Peace Boat’s relief activities diversifying to respond to the evolving needs of the community in the affected areas, including now supporting the moves of survivors into temporary housing, ensuring a comfortable and liveable environment. This entry details the delivery of relief goods for 94 houses Peace Boat is supporting in Onagawa, 30 km from Ishinomaki.
On June 12 (Sun), just over three months since the earthquake and tsunami, Peace Boat held an event in Tokyo to reflect upon the relief activities of the past three months and consider next steps. This report tells of the efforts of volunteers, including international and corporate volunteers, in Peace Boat’s efforts to support emergency relief and the recovery of Ishinomaki.
Peace Boat volunteers are supporting the baths launched by NGO JIM-NET for evacuees and survivors, known as the “1000 Person Bath Project.”
“People were so happy when we first opened the bath. For the majority of them, it was their first chance to bathe since the day of the earthquake. While some young people had been able to make their way to the Self Defence Force baths or to relatives’ houses further away, it was much more difficult for elderly people. Many people told us that they were finally able to warm themselves, relax, and sleep well.”
“Noone is coming up here just for fun or to look around. You can tell that by their faces. Everyone has an expression of wanting to do anything that might be useful. We are so grateful for that. So, that is why I actively talk to the volunteers, hoping to make them certain that they are glad they came. From then, everyone calls out to me, waving and calling me Ban-chan! They ask me, “Ban-chan tell us your story.”” Mr Bandai hopes for volunteers to see as much of the damage as possible, so that he can convey to them the true, terrible power of the tsunami. At every such opportunity, he shares with the volunteers the story of his own experience of the disaster.
Peace Boat’s activities in Ishinomaki are being supported by many volunteers, including those who travel from throughout Japan and overseas to support the relief efforts. However, many members of the local community – themselves deeply affected by the earthquake and tsunami – are also joining Peace Boat’s activities. One such person is Bandai Yoshinobu, a driver who has been contributing immensely to recovery efforts in Ishinomaki by transporting many volunteers by bus to their mud-clearing work sites, or transporting mud and debris by truck.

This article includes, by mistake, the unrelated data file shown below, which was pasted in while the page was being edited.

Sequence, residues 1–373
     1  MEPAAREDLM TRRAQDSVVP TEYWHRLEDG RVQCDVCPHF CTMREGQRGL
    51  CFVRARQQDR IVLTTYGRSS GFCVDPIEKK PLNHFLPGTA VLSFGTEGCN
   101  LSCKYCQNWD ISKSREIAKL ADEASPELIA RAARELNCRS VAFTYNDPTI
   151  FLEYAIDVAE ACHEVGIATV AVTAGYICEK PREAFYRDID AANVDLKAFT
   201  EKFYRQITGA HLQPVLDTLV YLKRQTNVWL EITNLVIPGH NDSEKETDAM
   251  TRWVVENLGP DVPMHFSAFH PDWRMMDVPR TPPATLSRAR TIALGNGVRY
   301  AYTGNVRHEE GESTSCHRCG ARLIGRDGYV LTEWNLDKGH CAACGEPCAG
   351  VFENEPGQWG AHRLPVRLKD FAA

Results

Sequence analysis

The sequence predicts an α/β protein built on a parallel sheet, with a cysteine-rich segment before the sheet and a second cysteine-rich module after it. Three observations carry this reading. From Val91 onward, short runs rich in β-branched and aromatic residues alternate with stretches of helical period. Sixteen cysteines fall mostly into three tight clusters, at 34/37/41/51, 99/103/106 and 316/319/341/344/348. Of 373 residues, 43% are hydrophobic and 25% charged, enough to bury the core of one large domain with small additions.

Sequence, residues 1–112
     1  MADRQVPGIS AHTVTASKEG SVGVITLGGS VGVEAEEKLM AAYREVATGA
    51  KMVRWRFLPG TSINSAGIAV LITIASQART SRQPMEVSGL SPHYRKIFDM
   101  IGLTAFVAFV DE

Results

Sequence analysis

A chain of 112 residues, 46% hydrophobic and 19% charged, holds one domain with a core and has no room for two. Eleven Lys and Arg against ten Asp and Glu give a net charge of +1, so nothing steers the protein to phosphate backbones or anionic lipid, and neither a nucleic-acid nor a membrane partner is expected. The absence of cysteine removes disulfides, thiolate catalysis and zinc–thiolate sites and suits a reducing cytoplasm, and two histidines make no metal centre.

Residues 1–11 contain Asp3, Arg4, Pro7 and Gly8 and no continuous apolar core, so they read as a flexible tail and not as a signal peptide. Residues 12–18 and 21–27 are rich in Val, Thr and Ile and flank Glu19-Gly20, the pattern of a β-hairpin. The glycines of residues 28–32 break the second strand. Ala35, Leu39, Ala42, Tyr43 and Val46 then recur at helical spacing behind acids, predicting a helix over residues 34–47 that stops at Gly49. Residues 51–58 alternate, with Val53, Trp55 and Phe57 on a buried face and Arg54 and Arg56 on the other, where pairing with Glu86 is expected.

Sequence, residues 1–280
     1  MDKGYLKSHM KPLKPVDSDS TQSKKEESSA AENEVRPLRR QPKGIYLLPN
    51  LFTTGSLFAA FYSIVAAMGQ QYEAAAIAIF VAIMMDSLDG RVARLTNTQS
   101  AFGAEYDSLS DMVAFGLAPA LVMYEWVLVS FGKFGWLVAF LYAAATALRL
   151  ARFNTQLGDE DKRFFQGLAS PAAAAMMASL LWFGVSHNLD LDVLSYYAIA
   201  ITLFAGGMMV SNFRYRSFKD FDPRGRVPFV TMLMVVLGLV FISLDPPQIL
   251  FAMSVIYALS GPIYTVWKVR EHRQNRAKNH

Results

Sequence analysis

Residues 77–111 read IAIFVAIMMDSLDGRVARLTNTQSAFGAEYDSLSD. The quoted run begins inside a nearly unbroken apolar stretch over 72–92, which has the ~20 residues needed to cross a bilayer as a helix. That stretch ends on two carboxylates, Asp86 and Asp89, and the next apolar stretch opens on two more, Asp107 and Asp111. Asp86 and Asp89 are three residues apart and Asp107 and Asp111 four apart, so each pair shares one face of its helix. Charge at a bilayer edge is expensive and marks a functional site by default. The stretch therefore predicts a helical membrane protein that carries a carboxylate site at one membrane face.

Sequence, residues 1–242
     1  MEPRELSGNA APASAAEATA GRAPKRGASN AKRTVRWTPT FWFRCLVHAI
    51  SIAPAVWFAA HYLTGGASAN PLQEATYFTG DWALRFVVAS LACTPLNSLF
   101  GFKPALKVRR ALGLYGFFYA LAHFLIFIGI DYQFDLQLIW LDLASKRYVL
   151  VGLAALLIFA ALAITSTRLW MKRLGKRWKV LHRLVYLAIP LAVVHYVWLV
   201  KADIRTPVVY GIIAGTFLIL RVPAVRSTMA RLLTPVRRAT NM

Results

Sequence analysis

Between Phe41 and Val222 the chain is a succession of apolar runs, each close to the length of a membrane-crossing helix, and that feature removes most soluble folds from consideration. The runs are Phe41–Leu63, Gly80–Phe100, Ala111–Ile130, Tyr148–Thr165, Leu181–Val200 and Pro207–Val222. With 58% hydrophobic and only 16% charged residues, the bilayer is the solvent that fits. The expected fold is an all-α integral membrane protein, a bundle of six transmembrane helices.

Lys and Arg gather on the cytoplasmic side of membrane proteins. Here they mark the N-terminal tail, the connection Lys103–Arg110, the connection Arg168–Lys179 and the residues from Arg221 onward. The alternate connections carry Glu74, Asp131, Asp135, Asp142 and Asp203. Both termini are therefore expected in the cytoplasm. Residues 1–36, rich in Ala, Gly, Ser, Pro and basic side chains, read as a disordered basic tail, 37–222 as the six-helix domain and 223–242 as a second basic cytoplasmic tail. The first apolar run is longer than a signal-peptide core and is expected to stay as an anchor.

In Ishinomaki, if provision of meals through NGOs and other citizens’ groups was to cease, many people would still not have access to any food other than rice balls and bread provided through donations. Considering this situation, Peace Boat decided to open a Central Kitchen in order to increase the number of meals that can be provided, improving efficiency, safety and hygiene.
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The Moriya Fruit and Vegetable Store was the first of the shops in Ishinomaki to reopen on the central street of Ishinomaki, on April 13 – just over one month after the disaster. Of course the situation is still extremely difficult, yet the existence of such stores continuing to open and provide a service to the local community is giving an important hope for recovery. Peace Boat will continue to assist with clearup and recovery efforts in order to support the activities of shops such as the Moriya Fruit and Vegetable Store.
Peace Boat will hold an event in Tokyo on June 12 (Sunday) to report on its activities in Ishinomaki in the three months following the devastating earthquake and tsunami of March 11.
“I really wanted to protect even just this one tree,” said Ms Abe Mayumi, of Niidate in Ishinomaki City. Nine cars were piled up in the large persimmon tree during the tsunami, however because of this tree her house was not swept away, and there was minimal damage to the walls. It was as if the tree protected the Abe’s house and family.
Volunteer Shibata Ayako lost much of her family in the tsunami. “To understand what the survivors are having to go through. As a volunteer you are in a certain position that is ‘apart’ from the survivors…I feel it is important to bridge this gap.”